LOFOTEN WAR MUSEUM
SVOLVÆR - LOFOTEN

GRINI
 
prisoners camp
  















During the war the prisoners camp "Grini" was the largest in Norway
Grini was located at Bærum outside Oslo
and its main building is still in use.
9. APRIL
THE LOFOTEN RAID
GESTAPO
OCCUPATION
THE NAVY
MIL.ORG.
RUSSIAN PRISONERS OF WAR
GRINI
BURNING OF FINNMARK
THE MURMANSK FRONT
LIBERTY
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GRINI 2


handycrafts by norwegian prisoners
at Grini



GRINI

Newly constructed before the war, the main building at Grini was originally designed to be a women's prison, but the German's quickly seized it as a regular prison of war camp, mainly to detain
Norwegian soldiers in 1940.

Most of these prisoners were released after the Norwegian capitulation 10th June 1940.

A lesser known fact is that the first prisoners at Grini actually came from Lofoten due to the Lofoten-raid mars 4th 1941.

The friendly reception the British and 52 Norwegian soldiers got by the locals during the Lofoten-raid, made the German nazis furious. Several hundred were brutally interrogated by SS and Gestapo, using everything from threats to physical abuse.

Those who were arrested, were brought onboard the troop transporting ship the "Bretagne". In person, the "Reich commissar Terboven" himself inspected the prisoners, which led to speculations that the captives were to be lined up and shot in the centre of Svolvær. But a few days later, all 64 prisoners were transferred to another ship "Renøy", and shipped to Trondheim under frightening weather conditions.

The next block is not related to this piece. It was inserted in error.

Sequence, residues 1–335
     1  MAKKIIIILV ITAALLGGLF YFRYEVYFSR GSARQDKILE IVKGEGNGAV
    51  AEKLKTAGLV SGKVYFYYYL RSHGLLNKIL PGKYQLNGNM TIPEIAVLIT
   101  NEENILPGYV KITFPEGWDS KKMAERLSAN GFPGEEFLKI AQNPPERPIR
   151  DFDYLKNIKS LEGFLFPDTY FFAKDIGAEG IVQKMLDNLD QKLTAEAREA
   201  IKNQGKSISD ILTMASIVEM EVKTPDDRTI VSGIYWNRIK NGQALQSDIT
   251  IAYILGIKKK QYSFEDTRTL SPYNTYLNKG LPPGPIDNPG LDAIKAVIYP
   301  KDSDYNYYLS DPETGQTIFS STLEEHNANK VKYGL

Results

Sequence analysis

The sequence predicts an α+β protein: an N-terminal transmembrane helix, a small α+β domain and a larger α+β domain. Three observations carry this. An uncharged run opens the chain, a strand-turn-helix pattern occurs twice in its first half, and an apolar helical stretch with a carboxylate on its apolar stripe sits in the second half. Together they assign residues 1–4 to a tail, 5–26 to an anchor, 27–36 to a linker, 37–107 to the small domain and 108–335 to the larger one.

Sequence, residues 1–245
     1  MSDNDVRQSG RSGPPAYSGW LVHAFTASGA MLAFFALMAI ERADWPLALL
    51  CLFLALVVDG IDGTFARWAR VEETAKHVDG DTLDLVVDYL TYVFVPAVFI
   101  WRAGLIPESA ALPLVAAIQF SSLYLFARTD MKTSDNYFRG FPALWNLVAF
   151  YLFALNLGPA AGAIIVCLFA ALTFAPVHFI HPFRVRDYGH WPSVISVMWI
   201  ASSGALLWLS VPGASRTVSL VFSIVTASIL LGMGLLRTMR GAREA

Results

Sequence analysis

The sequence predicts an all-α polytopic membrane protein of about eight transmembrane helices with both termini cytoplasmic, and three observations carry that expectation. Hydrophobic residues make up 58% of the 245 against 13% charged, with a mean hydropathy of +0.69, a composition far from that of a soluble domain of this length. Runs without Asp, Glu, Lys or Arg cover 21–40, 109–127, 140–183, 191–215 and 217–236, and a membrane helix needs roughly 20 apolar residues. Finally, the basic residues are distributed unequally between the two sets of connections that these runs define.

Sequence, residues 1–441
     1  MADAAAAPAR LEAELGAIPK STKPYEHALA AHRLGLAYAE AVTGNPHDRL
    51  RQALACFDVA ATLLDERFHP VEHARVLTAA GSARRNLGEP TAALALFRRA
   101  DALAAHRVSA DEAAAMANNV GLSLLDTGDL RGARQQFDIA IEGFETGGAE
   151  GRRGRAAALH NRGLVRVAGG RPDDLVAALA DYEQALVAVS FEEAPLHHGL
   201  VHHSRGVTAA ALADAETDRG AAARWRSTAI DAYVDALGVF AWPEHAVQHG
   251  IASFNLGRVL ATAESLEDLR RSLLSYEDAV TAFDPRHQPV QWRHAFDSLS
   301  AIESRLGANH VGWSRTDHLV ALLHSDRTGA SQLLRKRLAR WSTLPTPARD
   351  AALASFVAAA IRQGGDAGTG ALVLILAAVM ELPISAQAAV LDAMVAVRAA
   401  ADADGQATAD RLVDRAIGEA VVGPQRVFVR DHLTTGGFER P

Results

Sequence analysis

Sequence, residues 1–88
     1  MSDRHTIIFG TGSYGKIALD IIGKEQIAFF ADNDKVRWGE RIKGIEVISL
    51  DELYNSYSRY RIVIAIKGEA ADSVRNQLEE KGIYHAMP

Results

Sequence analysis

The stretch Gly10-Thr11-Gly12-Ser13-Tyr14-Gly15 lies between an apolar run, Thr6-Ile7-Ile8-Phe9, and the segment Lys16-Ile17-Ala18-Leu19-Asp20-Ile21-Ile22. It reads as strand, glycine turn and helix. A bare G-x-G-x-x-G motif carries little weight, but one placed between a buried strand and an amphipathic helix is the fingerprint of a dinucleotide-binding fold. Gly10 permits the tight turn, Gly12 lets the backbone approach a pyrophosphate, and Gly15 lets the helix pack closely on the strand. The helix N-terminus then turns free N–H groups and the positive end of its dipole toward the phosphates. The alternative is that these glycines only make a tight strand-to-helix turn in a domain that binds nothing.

Even the German guards were terrified as the ship bounced its way south bound though the storm. Finally arriving in Trondheim, the prisoners continued their travel down south by train where they received a rather harsh welcome by SS gendarmes (police). For hours, several prisoners had to stand with their hands over their heads as the SS verbally abused them. But after a while the SS men got tired of yelling and screaming and the prisoners were sent to the Grini-consentration-camp.

This explains the reason why the first prisoners from nr. 1 to 64 came from Lofoten. They were nicknamed "The Svolvær Hostages".

 




  GRINI

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RED CAPS 1940 - 45.
During the war, red caps were not allowed. Carrying a red cap could get you sent to Grini.


PRISONER SUIT FROM GRINI 
 
KZ-PRISONER (Concentration camp)

A BOOK ABOUT THE PROPER USE OF
THE RED CAP WAS GIVEN OUT IN ALL SECRECY
 



In newspapers you could read: "Warning. Red knitted hats.
As the use of red hats has increased so strongly in later times,
it is considered to be a demonstration. as of Thursday 26th February 1942, the use of red caps is forbidden.

From this day the caps will be confiscated from anyone using them, and legal actions will be taken upon these persons. For children under 14 years, their parents or adults will be held responsible. Police headquarter 23.02.42."


But by banning red hats the
consequences grew to bizarre
and even comic proportions.

And that happened around Christmas time. The Norwegian Santa Claus gleefully sported green and blue knitted headgear. And this was in the nazis view from bad to worse.

A Santa Claus with a green cap was of course demonstration against the "new order". But the following years. Santa claus and his helpers were allowed to wear red caps…..


But it was only around Christmas time!

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